Make It Stop: “I Hold Grudges”

I hold grudges. If someone does something thoughtless or rude or mean, I’m like a dog with a bone that won’t let go. I don’t like this part of my personality, the part that carries a deep well of anger and hurt. How do I learn to let go of the grudges I hold?

Congratulations on realizing the time has come to make a change! That’s wonderful. It sounds like you’re a passionate person with a strong sense of right and wrong. It can be upsetting when others don’t share your values. As you may know, they call it “carrying a grudge” for a reason because it’s a burden to hold it. So let’s explore how you can kick that burden in the jarbles.

As you get older and tuck more life experiences under your belt, your perspective shifts. A range of realizations takes hold.

First, you realize that your time on this planet is limited. Do you really want to funnel the energy you have into negative emotions? Every day, you have a set amount of energy, like one of those hour-glass timers with sand in it. As you turn the timer upside down, the sand drains from the upper reservoir into the space below. Do you want the sand granules of your day—or your week, or your life!—to go towards something negative, like carrying a grudge, or do you want it to go towards something positive, like literally anything else? It’s up to you to decide which direction the sand flows: stewing in hatred or putting it aside and focusing on things that bring you joy. It’s in your control.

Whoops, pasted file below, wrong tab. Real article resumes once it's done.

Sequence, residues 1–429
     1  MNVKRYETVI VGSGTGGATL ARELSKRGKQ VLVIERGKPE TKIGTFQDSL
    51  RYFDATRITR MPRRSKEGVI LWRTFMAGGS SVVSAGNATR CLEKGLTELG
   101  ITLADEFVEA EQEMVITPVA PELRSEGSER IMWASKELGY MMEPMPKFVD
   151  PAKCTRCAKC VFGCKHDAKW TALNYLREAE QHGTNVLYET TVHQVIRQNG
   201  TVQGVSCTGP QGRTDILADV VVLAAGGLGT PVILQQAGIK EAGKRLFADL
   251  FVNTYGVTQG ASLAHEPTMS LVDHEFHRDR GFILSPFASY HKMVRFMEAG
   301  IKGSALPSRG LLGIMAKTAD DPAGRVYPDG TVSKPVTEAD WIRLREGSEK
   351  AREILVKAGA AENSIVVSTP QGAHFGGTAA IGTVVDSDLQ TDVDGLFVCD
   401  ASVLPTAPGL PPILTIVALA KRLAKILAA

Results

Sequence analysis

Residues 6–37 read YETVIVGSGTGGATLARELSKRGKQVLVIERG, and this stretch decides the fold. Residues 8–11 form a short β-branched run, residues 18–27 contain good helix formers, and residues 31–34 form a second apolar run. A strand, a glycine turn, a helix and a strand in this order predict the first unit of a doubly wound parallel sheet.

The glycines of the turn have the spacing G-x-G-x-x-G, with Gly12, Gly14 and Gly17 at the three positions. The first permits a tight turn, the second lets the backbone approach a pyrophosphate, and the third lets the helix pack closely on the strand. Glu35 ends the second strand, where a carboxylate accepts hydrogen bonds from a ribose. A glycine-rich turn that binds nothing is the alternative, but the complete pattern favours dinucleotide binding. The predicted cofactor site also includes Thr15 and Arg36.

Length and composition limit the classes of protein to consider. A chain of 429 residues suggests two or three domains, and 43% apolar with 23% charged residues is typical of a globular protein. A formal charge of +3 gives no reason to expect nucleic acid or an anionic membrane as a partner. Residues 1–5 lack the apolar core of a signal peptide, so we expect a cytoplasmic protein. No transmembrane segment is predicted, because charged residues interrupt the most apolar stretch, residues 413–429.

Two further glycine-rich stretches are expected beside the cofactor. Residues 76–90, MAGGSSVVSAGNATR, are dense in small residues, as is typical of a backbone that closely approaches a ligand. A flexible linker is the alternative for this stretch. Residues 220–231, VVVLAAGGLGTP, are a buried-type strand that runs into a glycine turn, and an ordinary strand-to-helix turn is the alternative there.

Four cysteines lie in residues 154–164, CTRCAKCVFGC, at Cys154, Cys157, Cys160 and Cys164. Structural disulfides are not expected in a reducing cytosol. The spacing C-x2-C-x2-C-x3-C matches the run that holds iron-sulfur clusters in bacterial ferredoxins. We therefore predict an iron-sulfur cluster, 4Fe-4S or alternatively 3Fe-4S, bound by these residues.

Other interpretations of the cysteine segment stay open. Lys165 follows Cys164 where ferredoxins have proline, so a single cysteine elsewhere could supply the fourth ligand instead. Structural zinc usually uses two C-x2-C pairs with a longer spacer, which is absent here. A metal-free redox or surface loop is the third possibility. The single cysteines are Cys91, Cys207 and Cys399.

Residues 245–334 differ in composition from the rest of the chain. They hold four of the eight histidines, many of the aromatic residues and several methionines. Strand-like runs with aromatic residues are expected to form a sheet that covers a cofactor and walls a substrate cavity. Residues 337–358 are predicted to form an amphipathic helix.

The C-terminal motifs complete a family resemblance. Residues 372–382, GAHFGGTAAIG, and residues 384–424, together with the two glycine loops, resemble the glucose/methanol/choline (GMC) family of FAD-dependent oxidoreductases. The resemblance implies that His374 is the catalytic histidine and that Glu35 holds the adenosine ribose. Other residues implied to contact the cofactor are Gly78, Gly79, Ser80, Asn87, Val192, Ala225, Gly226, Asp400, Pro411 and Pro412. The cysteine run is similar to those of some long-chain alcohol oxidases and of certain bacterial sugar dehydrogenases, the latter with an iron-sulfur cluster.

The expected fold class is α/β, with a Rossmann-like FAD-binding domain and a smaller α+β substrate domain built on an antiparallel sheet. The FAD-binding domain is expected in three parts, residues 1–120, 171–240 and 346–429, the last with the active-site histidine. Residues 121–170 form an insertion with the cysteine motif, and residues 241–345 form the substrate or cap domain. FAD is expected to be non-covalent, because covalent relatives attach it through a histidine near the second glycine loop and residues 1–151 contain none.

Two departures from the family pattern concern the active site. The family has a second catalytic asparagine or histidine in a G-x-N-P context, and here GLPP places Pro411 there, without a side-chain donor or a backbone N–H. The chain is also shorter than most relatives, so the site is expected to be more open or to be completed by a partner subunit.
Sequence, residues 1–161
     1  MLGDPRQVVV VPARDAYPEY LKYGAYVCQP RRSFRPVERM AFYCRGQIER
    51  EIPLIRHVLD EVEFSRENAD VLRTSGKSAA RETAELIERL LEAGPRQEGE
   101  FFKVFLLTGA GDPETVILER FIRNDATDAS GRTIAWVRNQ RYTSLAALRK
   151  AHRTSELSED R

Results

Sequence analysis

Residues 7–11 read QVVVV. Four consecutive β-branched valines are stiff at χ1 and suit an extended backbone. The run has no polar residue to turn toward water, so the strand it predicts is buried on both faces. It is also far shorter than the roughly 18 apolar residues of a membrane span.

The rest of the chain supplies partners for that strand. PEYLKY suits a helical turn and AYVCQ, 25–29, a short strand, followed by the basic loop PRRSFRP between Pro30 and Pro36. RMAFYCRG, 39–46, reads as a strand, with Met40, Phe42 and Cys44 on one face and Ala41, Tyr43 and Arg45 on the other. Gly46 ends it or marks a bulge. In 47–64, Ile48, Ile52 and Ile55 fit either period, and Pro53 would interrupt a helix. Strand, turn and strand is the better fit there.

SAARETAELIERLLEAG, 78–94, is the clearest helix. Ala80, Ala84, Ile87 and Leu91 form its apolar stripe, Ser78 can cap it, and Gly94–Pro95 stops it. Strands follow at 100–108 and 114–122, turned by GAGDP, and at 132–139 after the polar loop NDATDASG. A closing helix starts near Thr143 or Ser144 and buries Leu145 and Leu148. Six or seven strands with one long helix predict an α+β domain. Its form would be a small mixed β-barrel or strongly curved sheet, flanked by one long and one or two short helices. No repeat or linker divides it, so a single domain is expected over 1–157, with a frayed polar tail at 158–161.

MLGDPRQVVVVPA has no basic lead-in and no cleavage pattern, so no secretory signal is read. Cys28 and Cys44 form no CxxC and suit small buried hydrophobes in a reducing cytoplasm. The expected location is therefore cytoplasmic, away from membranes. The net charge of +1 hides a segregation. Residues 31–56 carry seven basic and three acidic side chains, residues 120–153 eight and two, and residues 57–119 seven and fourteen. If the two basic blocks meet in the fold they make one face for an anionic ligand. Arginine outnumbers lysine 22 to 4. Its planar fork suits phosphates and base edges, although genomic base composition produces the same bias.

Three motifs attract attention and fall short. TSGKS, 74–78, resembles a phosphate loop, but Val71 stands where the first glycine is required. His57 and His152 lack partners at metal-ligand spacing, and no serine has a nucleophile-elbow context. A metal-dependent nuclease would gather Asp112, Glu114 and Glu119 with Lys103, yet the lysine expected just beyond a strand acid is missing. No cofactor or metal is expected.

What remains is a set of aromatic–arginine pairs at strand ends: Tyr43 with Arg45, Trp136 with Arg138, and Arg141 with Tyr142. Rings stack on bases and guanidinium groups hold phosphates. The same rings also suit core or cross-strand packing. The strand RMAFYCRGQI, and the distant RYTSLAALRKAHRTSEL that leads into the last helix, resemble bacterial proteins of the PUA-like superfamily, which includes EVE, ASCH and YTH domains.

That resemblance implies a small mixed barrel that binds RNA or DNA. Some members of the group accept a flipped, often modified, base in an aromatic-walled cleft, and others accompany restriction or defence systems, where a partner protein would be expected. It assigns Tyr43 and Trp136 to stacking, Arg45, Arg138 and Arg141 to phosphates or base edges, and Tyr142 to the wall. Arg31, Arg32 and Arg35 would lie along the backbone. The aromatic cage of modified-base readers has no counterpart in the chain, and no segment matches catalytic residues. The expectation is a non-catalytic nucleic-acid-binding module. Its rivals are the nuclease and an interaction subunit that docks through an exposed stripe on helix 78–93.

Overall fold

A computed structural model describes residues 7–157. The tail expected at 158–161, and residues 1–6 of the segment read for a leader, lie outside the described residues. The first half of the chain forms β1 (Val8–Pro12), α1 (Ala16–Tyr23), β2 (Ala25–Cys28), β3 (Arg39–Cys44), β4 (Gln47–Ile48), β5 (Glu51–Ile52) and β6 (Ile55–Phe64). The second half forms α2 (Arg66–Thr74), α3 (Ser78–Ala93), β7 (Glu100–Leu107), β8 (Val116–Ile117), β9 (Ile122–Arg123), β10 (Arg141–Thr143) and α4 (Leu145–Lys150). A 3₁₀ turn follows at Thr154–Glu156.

Second, you might also realize that it’s not your job to mete out moral justice like some caped superhero. Usually, if people make bad life decisions, they make them in all areas of their life, not just in their dealings with you. You learn that’s it’s easier, cheaper, and kinder to remove yourself from the situation then to stick around and judge someone for it.

Also, once you’ve been around the block a few times, you realize that there are motivations or factors for people’s behavior that elude you. What you see as deceit or untrustworthiness or carelessness might be a symptom of a larger problem. Sure, there are terrible people out there, but maybe they’re dealing with hardships you can’t see.

You usually don’t get the full story until years pass and the other person has dealt with the troubling issue. Then they might have the self-awareness to communicate what their deal was:

“Sorry I was such a dick to you in high school. I now realize that you being such a happy person made me feel like a freak because I was always miserable.”

“Sorry I was a lousy boyfriend. My father’s illness completely freaked me out and I wasn’t able to be emotionally available to you in the way you needed.”

“Sorry I was such a bratty sister. Mom always looked at you like you were a golden child. I shouldn’t have projected my frustrations with her onto you.”

I’m not saying you shouldn’t hold people accountable for their actions. I’m saying that you should stop and pull the lens back. Look at the situation from their shoes. Most people aren’t supervillians plotting your downfall. Most people do the best they can with the information they have at the time. Even if you can’t trust a person, trust that with some time, all can be healed.

Lastly, one of the biggest realizations to have, is that letting go of grudges is a gift you give yourself. You’ll realize that having peace gives you more pleasure than living with pain. Letting go of grudges means doesn’t mean that you’re weak, it means you’re prioritizing your sense of well-being above all else. Once you absorb that lesson and apply it every day, then you will grow into the person you are meant to be.

Make It Stop is a weekly column in which Anna Goldfarb — author of “Clearly, I Didn’t Think This Through” and the blogger behind the blog, Shmitten Kitten — tells you what’s up. Want a fresh take on a stinky dilemma? Email [email protected] with the subject “Make It Stop.” She’ll make it all better, or at least make you laugh. Girl Scout’s honor.